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10 ways emerging writers help themselves

March 26, 2019

When you’re starting out as a writer, there’s so much to consider that it can be bewildering. Resources such as The Riff Raff are invaluable for disseminating information and debunking myths. Further to my spot there in November, I wanted to share the things which have helped me on my journey from aspiring author to a published one.

 

 

1 - Getting clear about why I write and what I want from writing

 

This has helped me to define success criteria that suit me. In turn, that means I’m content with what I’m doing and my achievements so far. It can be useful to ask: am I writing for fun? Do I want to finish writing a novel and leave it there? Would I like an agent and a traditional book deal? Is it my dream to see my book in shops or would a digital contract work for me? How can I support myself or do I need an income from writing?

 

2 - Keeping up with publishing news and industry developments

 

This has helped me to understand the factors which affect my writing once it heads out into the world. Twitter is a great resource. My favourite things are reading the Bookseller, following book news in the media and listening to writing podcasts.

 

3 - Going to events, conferences, launches and masterclasses

 

It’s important to build a support system and learn. Events are great for networking and making friends. They are, however, expensive and time-consuming and can jeopardise precious minutes at the keyboard. I decided to approach writing as a business years before I was published. That means I block out time to write and set myself targets.

 

4 - Reading widely

 

I write crime fiction and therefore had to familiarise myself with the rules, conventions and tropes of its many sub-genres. If you want to write a series or stand-alones, study authors who are doing the same. I find it interesting to read the book that got the author their deal and their most recent one. I’ve learnt a lot from reviewing books, eg. what is selling and who is writing and publishing what. Do also read outside your chosen genre as it will add to your understanding of how stories work.

 

5 - Finding out who the key people are in the genre you are writing

 

That means authors, agents, publishers, reviewers and bloggers. This helped me when I submitted to agents as I was able to personalise my query letter and show that I understand where my book sits in the market. Contacts won’t get you a book deal or guarantee good reviews and sales, but relationships can make people more interested in reading your work. Everything starts and stops there.

 

6 - Understanding publishing models

 

New publishers are emerging all the time and existing ones are introducing new models so it’s essential to find out what the financial, marketing and editorial implications are of each model. That way you can make an informed decision on what will suit you best. The main models are:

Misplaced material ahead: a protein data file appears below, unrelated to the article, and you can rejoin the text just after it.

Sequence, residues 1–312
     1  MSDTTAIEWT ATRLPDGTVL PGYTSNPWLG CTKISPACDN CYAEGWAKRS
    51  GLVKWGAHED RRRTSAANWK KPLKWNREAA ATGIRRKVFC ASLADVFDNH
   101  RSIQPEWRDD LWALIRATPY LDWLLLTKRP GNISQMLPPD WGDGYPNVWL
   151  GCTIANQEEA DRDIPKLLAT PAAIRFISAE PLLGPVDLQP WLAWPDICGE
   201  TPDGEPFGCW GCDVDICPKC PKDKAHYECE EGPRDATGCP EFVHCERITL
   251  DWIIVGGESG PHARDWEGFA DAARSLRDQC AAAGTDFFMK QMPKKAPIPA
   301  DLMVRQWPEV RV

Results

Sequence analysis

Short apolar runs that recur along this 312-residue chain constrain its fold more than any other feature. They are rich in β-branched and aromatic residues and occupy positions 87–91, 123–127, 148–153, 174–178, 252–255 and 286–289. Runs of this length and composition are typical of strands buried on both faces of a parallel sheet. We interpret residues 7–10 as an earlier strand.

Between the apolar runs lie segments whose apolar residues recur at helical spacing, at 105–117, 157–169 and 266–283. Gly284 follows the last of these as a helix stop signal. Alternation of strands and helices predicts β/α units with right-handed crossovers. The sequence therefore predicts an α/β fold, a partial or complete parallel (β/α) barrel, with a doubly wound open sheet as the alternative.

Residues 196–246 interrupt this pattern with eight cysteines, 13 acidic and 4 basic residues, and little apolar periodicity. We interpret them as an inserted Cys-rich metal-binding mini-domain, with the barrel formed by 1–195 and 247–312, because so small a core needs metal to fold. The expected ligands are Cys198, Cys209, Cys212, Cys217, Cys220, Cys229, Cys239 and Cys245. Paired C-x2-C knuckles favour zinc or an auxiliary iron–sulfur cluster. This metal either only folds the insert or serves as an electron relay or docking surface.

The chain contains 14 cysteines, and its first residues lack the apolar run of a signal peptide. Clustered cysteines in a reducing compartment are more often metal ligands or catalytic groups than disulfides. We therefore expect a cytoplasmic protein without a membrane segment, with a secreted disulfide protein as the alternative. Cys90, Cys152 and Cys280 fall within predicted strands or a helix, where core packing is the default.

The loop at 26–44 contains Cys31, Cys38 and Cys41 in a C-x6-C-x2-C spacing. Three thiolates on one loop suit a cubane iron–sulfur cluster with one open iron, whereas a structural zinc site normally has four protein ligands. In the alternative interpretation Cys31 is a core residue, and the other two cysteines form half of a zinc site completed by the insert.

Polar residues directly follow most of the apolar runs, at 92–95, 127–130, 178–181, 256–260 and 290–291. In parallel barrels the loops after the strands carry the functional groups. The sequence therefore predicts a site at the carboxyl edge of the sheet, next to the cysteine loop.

• hardback, ebook and audio first, followed by a mass-market paperback

  • straight to mass-market paperback, ebook and audio

  • digital only

  • digital first then print-on-demand paperback

  • self-publishing

  • assisted publishing

 

The key financial differences are in royalties, whether an advance will be offered, lead times and payment patterns. Royalties are higher via self-publishing. Digital first/only deals rarely offer an advance (I know of one that does) but your book may be published more quickly, and royalties are higher and received sooner.

 

 

 

7 - Researching agents

 

If you want to work through a literary agent, familiarise yourself with submission guidelines. They aren’t all the same. It’s useful to find out what agents are looking for and what they offer. Check agency websites. Read the wish lists, interviews and blog posts of agents you’re interested in. Do they offer editorial input? Do they sell translation and media rights? How do they structure submissions? Consider the implications of having a new or experienced agent, one from a large or bijou agency, a male/female, someone younger or older than you. Twitter and events can be useful here, and services like AgentMatch.

 

8 - Focussing on my own writing

 

If you believe what you see on social media, you might think that all authors are award-winning bestsellers with a six-figure advance, a film option and translation rights. Most have few of those achievements. Many are navigating challenges and changes. I find the best inoculation against distraction and comparison is to enjoy the writing and editing parts as much as possible.

 

9 - Deciding what sort of feedback works

 

It can be tempting to accept writing feedback from anyone offering an opinion and there is a view that all feedback is useful. As a teacher and lifelong learner, I don’t agree with this. Feedback of the wrong sort, or at the wrong time, can be extremely destructive. What works for me is someone who knows about writing and who knows how to give feedback.

 

10 - Competitions and journals

 

Competitions can be a good way to build your skills, author profile, work portfolio and industry links. Some even offer feedback. Submitting to literary magazines and journals can have the same benefits. However, do check entrance fees, T&Cs and rights agreements.

 

Follow Vicky on Twitter , or visit her website.  Vicky's second book, Out of the Ashes is out on May 30th. Pre-order your copy here

 

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